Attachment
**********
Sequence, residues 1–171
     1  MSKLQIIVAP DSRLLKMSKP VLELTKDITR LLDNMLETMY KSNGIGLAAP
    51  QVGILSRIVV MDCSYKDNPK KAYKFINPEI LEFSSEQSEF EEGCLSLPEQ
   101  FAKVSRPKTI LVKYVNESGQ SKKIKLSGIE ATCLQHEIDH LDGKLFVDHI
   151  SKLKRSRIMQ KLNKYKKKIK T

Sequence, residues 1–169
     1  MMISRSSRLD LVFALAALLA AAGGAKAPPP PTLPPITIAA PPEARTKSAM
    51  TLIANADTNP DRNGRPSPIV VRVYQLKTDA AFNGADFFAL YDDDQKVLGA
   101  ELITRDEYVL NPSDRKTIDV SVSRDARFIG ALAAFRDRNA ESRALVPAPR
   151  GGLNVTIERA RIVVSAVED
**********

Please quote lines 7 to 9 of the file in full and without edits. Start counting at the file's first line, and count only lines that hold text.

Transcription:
     1  MMISRSSRLD LVFALAALLA AAGGAKAPPP PTLPPITIAA PPEARTKSAM
    51  TLIANADTNP DRNGRPSPIV VRVYQLKTDA AFNGADFFAL YDDDQKVLGA
   101  ELITRDEYVL NPSDRKTIDV SVSRDARFIG ALAAFRDRNA ESRALVPAPR